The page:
Additionally, in July 2006, the Portland City Council voted to approve a citywide renewable fuels standard requiring that all diesel sold in Portland contain 5% biodiesel (B5) and all gasoline contain 10% ethanol (E10), effective July 2007. In an effort to maximize the City’s own use of renewable fuels, they also created a binding City Policy formally requiring that all City-owned:

  • Diesel vehicles use a minimum of B20;

  • Gasoline vehicles use E10; and

  • Flex-Fuel Vehicles use fuel containing 85% ethanol (E85).

  • The city is now also requiring all solid-waste hauling franchisees—businesses awarded franchises by the city for the collection of solid waste—to use B20 biodiesel blends in their refuse vehicles.

    The Portland-metro area transit authority, Tri-Met, has also expanded the use of biodiesel, and has used a B20 blend in all 210 of their LIFT service buses, which provide door-to-door service for elderly and people with disabilities, since May 2006 [see previous post].


    I'm continually proud to live in the city of Portland. The committment across the board from city officials and leaders to making Portland one of the most sustainable cities in the world has been a source of pride for our city and has had real economic benefits as well, encouraging many 'green-minded' residents and businesses to make Portland their home.

    My question now, with the expanded use of biodiesel across the city (and state), is where is it all coming from? Initially, the bulk of biodiesel utilzied in Oregon was provided by SeQuential Pacific Biofuels, who converts used cooking oils to biodiesel in a very efficient process performed in-state at their Salem biodiesel production facility. I'm curious how much of the biodiesel consumed in state continues to be produced in-state/in-region and is sourced from in-state or in-region supplies of used cooking oil, and how much of it comes from soy-based biodiesel from outside of the state. Obviously, the economic development benefits, process efficiency, and environmental benefits of biodiesel use are greater for Oregon when the product is produced in or around Oregon and is based on in-state or in-region feedstocks.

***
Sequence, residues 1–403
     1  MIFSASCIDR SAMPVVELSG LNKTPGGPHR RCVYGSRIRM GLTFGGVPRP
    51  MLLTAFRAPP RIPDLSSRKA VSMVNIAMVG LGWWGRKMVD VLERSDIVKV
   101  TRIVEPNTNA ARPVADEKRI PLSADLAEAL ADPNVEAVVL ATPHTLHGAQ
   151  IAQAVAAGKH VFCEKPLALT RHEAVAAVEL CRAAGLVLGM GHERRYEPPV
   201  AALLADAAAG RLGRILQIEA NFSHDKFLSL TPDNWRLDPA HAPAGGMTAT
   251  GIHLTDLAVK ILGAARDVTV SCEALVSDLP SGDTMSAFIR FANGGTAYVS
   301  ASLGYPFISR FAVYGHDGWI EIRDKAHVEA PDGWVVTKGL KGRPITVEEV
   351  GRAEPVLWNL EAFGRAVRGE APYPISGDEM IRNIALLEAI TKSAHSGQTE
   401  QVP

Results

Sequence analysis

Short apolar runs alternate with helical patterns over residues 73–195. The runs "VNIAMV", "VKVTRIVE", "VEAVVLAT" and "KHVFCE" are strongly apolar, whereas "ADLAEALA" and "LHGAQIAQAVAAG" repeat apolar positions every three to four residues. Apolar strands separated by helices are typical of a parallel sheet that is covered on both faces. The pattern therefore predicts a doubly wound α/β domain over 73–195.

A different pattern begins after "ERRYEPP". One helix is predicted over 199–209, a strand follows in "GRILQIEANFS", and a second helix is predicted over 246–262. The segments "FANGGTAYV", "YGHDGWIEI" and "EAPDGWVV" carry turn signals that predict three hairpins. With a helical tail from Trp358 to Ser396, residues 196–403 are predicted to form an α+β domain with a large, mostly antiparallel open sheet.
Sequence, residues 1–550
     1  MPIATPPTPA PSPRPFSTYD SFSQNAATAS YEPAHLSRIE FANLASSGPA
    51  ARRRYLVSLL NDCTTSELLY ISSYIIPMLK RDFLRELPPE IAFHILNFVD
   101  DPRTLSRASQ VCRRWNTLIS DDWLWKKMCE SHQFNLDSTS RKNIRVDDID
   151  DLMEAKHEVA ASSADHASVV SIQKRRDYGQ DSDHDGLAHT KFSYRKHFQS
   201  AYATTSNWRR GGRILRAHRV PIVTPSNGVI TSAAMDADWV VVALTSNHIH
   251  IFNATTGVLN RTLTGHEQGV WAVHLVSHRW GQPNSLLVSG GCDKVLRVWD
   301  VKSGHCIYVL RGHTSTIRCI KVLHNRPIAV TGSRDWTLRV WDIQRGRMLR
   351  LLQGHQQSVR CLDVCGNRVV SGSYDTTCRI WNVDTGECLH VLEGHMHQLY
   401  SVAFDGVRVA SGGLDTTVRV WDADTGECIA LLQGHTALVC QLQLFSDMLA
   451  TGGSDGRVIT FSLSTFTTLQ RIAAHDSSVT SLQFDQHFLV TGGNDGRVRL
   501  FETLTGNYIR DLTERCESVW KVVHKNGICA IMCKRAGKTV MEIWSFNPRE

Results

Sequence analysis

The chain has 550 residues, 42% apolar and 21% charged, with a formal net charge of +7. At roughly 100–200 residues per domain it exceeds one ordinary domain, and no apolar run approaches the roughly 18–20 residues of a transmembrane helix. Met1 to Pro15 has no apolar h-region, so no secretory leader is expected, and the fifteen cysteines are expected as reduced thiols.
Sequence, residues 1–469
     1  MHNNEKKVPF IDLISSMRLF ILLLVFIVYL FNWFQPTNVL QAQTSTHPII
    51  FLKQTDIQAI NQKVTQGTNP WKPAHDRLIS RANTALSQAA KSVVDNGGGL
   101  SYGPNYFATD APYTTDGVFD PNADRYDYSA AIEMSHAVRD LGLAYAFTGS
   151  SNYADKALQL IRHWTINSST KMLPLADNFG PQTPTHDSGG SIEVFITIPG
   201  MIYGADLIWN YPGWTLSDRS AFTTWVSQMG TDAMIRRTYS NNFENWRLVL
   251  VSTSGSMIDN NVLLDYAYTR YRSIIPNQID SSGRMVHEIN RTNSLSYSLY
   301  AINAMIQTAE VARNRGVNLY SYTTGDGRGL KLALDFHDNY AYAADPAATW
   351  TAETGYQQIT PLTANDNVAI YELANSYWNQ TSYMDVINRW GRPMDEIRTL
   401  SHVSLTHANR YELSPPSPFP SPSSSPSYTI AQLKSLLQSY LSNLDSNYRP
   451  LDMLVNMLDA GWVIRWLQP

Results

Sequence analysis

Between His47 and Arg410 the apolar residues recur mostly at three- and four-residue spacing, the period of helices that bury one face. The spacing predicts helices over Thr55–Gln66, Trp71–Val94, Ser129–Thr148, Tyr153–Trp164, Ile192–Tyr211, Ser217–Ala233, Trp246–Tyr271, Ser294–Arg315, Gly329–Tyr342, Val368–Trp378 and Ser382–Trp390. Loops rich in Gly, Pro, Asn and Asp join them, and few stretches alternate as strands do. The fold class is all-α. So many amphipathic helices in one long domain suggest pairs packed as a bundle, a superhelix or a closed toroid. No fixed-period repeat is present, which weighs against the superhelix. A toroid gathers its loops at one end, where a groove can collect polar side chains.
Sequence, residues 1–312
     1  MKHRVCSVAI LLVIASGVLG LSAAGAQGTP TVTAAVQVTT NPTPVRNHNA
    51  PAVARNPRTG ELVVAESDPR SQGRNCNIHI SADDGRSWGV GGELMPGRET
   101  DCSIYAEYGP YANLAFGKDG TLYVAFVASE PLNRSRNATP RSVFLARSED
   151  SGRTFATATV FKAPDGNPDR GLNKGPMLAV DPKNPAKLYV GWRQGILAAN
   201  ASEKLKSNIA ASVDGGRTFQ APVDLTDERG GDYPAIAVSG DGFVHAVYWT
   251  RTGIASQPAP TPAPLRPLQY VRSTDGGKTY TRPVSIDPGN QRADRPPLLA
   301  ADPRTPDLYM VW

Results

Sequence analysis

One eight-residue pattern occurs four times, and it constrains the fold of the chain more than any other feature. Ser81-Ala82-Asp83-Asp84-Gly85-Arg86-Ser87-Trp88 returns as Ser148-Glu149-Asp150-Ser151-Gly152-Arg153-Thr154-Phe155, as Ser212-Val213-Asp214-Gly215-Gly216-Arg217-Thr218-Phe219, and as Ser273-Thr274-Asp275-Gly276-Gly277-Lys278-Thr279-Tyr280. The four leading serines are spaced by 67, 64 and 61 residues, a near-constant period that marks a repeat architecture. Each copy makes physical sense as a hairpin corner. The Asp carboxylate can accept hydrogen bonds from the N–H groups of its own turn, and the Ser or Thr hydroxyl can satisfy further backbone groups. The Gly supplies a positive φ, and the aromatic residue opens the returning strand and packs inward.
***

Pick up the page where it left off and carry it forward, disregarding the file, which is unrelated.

If the region wants to continue to reap the full benefits of the continued expansion of biodiesel consumption, it needs to develop strategies to increase in-region production of both feedstocks and fuels. The Northwest is unfortunately not well suited to soy cultivation. Canola could be grown in the region as a feedstock for biodiesel production, but it presents a problem as canola is closely related to a wide variety of high-value 'boutique' and specialty crops grown throughout much of the Northwest, and concerns about cross-polination have resulted in state policies that currently preclude growing canola in much of Oregon's prime agricultural lands. I know that the State Departments of Agriculture and Energy are working to develop a plan to safely allow some development of canola or other biodiesel feedstocks, if possible, but challanges remain.

    But once again, bravo to Portland for this policy!


    [A tip 'o the hat to Green Car Congress]